Categorized | News

Fort Macleod buildings provincial historic sites

The Union Bank building

The Union Bank building was recently added to the provincial list of buildings that are protected under the Alberta Historical Resources Act.

The R.T. Barker building

The R.T. Barker building is on the provincial list of buildings that are protected under the Alberta Historical Resources Act.

Two more Fort Macleod buildings have been added to the Provincial Historical Resource list.
The R.T. Barker building across from the Empress Theatre and the Union Bank building across from the old Java Shop have been designated to the provincial list of buildings that are protected under the Alberta Historical Resources Act.
Both buildings are now owned by Gary and Helen Temoin, who make the Union Bank building their residence.
“We had been in contact with the Government of Alberta, Heritage Division, since we purchased the buildings 10 years ago . . . to designate them as a provincial historical resource,” Gary Temoin said. “The designations were confirmed in January. We are pleased that future generations of Albertans will be able to visit Fort Macleod and see these buildings first hand along with several other buildings already designated.”
The two latest additions brings to eight the number of Fort Macleod sites on the Provincial Historical Resource list.
The others six are the present Fort Macleod Town Office, the Grier Block on Second Avenue, the Empress Theatre on Main Street, the Renwick Building otherwise known as Andrews Hardware on Main Street, the A.Y. Young Drug Store on Main Street, now home to Prairie Winds Gallery, and the 1884 North West Mounted Police Barracks.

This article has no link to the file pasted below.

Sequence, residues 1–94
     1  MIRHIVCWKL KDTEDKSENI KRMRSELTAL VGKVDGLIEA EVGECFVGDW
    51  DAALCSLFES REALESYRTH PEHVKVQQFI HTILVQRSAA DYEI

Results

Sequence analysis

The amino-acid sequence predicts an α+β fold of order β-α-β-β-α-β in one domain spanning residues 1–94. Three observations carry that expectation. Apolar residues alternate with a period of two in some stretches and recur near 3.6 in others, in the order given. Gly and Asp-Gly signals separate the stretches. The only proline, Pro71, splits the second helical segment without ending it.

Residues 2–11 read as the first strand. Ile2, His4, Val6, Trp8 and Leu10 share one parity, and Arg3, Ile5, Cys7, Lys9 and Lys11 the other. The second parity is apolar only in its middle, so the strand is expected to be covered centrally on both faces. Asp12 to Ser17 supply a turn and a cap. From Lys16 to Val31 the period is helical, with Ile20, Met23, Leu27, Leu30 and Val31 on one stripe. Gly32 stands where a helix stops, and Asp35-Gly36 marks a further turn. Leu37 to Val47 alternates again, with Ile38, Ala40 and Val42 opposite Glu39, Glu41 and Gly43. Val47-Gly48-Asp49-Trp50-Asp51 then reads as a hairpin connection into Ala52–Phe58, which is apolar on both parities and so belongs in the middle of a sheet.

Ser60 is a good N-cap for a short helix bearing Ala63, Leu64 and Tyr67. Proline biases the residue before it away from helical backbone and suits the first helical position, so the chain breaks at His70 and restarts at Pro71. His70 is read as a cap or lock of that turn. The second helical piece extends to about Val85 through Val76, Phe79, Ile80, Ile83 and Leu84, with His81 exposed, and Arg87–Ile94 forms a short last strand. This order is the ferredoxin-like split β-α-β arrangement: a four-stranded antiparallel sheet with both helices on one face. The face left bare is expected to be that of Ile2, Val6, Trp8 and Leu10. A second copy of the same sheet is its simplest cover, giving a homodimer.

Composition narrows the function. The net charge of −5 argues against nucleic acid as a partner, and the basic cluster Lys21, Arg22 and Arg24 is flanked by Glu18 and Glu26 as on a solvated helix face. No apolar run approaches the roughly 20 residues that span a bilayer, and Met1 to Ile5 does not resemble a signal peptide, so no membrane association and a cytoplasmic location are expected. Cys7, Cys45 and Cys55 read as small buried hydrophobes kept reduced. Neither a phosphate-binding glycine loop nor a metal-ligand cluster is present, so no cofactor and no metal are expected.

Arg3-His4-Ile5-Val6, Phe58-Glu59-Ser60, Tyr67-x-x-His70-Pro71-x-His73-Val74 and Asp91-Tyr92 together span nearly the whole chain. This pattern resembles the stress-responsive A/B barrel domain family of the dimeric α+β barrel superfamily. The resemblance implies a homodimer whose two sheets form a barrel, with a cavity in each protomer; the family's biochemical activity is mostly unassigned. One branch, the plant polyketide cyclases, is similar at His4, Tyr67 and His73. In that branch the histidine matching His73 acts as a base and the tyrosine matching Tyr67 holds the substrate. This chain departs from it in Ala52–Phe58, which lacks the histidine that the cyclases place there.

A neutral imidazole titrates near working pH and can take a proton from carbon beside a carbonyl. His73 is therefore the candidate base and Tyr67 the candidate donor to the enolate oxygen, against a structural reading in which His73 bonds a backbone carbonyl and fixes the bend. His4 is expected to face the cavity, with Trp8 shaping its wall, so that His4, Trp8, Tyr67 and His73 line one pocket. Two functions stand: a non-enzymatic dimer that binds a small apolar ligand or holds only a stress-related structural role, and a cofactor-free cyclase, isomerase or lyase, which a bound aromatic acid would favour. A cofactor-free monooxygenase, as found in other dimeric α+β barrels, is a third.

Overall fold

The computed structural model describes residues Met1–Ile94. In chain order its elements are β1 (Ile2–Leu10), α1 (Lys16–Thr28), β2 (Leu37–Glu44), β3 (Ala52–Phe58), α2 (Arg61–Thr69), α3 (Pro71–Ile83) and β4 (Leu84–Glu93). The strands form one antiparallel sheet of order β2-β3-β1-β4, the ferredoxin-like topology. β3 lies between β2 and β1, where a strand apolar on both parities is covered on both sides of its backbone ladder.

The R.T. Barker Building located at 232 Main Street is a Sears catalogue sales outlet. It was originally built by Richard Thomas Barker, a businessman from Buffalo, New York, who arrived in Fort Macleod in 1882.
Barker built the present structure in 1909 after the original wooden structure was destroyed by fire. Barker continued to operate a dry goods store and clothing retail store, as well as serving on Fort Macleod’s first town council, until he died in 1932.
The R.T. Barker building is typical of the two-storey masonry construction and simplified Edwardian Classical Revival architectural style that was popular in commercial buildings in Alberta towns in the first decades of the 20th century.
The Union Bank building at 2301 Second Ave. was built by David J. Grier, a former North West Mounted Police officer who had established himself as a prosperous rancher and entrepreneur in Fort Macleod.
In 1900, the Union Bank of Canada moved into the two-storey brick building. The first floor accommodated day-to-day banking operations, while the second floor was reserved for office space and a dwelling for the manager. In 1911, a third floor with a mansard roof was added.
The Union Bank is a rare example of the Second Empire architectural style with its third storey mansard roof and iron cresting.
“Designation to the Historical Resources list means, essentially, that any changes to these buildings must now be approved by our ministry prior to taking place,” Historic Places Research and Designation Program manager Matthew Wangler explained. “Only projects that are consistent with good heritage conservation are approved. It also means that the sites are listed on the Alberta Register of Historic Places and that the owners of these sites are eligible to apply to the Alberta Historical Resources Foundation for matching grants to undertake conservation work.”
“Both these buildings were designated as resources that contribute to the heritage character of the Fort Macleod Provincial Historic Area,” Wangler added. “The commercial core of Fort Macleod is one of Alberta’s premier heritage districts, and these two buildings are vital contributors to the historic character of the area. The Union Bank Building also possesses individual merit as a representation of an early and significant financial institution in Alberta.”

Subscribe Online Current Edition

Explore Spectacular Southwest Alberta (PDF)

2021 Explore Southwest Alberta magazine cover